Fawad lauds retiring CJP Ahmed for 'historic stand on minority rights, independent judgments'

Published January 31, 2022
Outgoing Chief Justice of Pakistan Gulzar Ahmed (L) and Information and Broadcasting Minister Fawad Chaudhry (R). — APP
Outgoing Chief Justice of Pakistan Gulzar Ahmed (L) and Information and Broadcasting Minister Fawad Chaudhry (R). — APP

Minister for Information and Broadcasting Fawad Chaudhry on Monday praised the retiring chief justice of Pakistan, Gulzar Ahmed, for "supporting minorities" in the country as well as "authoring independent judgements".

Justice Ahmed is set to retire on February 1 (Tuesday) after two years and 42 days in office. He was appointed to the highest judicial office in the land on Dec 21, 2019.

Justice Umar Ata Bandial will take over as the chief justice on February 2.

On the eve of Justice Ahmed's retirement, Chaudhry praised his "historic stand" regarding minorities' places of worship, saying it had greatly increased his honour and prestige.

"At a time when India's judiciary seems helpless at the hands of extremists, judges like Justice Gulzar supported minorities and wrote independent judgements," he tweeted.

In another tweet, the minister noted that five Supreme Court judges are set to retire in 2022, therefore, parliament should focus on introducing an amendment in the Constitution regarding judicial appointments.

If the parliament can make the process of appointments to the Supreme Court independent and transparent, it would be a huge accomplishment, he added.

He urged all political parties to set aside their differences and consider the idea of a constitutional amendment.

A day earlier, the information minister urged the judiciary to take stock of its rapidly declining reputation in the world rankings and stated that it would be a big challenge for the next chief justice.

He had highlighted a question raised by Minister for Law Farogh Naseem while commenting on the Sarina Isa case judgement: "If the judges are not responsible for the assets of their wives and children, then how is it possible to hold politicians and bureaucrats accountable?"

"The judiciary needs to take stock of its rapidly declining reputation in the world rankings. It will be a big cha­llenge for new chief justice when he swears in," Chaudhry tweeted in an apparent reference to a report released last year by the World Justice Project (WJP), acc­ording to which Pakistan ranks 130 out of 139 countries on the rule of law index.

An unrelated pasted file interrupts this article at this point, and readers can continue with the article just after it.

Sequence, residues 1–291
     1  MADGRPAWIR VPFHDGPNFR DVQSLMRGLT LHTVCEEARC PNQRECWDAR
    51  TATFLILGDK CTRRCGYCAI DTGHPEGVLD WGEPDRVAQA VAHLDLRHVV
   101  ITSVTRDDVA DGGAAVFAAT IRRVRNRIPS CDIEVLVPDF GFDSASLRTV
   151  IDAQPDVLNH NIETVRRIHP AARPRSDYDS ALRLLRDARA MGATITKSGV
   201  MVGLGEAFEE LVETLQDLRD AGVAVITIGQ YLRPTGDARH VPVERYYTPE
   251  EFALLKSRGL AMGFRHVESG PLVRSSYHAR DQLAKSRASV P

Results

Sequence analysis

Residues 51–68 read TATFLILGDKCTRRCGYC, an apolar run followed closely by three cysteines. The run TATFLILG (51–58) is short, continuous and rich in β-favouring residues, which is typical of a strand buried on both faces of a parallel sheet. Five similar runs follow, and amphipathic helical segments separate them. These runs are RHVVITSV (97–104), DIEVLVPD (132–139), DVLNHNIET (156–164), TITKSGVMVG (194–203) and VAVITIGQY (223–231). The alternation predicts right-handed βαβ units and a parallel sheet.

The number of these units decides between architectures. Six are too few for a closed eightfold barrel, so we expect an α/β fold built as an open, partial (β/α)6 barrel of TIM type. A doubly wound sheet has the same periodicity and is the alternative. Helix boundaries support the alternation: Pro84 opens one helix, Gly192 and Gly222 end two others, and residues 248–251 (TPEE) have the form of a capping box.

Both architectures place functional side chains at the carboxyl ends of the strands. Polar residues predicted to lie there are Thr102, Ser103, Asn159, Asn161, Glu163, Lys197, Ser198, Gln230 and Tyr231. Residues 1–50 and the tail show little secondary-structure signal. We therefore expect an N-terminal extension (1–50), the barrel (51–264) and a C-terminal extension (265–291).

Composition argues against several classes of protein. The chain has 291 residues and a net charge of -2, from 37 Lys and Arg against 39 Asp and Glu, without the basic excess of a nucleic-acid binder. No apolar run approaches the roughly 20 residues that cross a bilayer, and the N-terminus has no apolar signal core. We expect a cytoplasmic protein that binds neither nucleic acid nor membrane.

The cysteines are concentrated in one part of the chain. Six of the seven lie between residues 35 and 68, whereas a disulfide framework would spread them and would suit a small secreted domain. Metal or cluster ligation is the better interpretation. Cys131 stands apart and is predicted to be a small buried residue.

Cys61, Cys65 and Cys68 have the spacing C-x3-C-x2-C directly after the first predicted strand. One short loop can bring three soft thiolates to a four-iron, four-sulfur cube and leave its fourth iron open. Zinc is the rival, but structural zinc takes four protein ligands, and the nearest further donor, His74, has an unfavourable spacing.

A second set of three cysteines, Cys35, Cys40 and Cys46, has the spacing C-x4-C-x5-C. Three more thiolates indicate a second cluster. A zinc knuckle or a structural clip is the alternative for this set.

The country ranks five out of six in the South Asian region, according to the WJP Rule of Law Index 2021 released in October 2021.

'Minorities' rights, places of worship to be protected'

During his tenure as the CJP, Justice Ahmed took notices of attacks on temples, reprimanding police for failing to prevent them and assured minorities that their rights and places of worship would be protected as long as he served the top judicial office.

Speaking at a seminar in August last year, Justice Gulzar had recalled how he felt pain when he learnt about the desecration of temples both at Hindu Samadhi in Karak, Khyber Pakhtunkhwa, and at Ganesh Mandir in Bhong, Rahim Yar Khan.

"That was the reason why prompt suo motu notices were taken on the desecration of the worship places because such tragic and unfortunate incidents of desecration of the holy places of the minority communities were neither tolerable nor acceptable in the country," the CJP had said.

"Hindu temples, Sikh gurdwaras and churches are as important and sacred to me as my own religious places," he had observed.

He was referring to the attack on a century-old shrine in KP's Karak in 2020. Justice Ahmed had taken notice of the incident and on his orders, not only was the shrine restored to its original condition by the KP government, but the apex court also ordered the KP government in October 2021 to recover Rs33 million from the culprits involved in vandalising and destruction of the Samadhi.

He later also celebrated the festival of Diwali at the temple to express solidarity with the Hindu community.

He also took notice when a temple in Rahim Yar Khan was vandalised, summoning the Punjab police chief and censuring the force for its failure to safeguard the temple.

New CJP

The notification for the appointment of Justice Bandial as the next CJP was issued by the law ministry of Jan 17.

When elevated to the office of CJP, Justice Bandial will face a veritable mountain of around 51,766 cases that are pending before the Supreme Court alone. The overall backlog of cases in Pakistan's judiciary, including the superior courts as well as district courts, stands at a whopping 2.1 million.

Justice Bandial will serve in the top judicial office until Sept 16, 2023, when he is due to be replaced by Justice Qazi Faez Isa.

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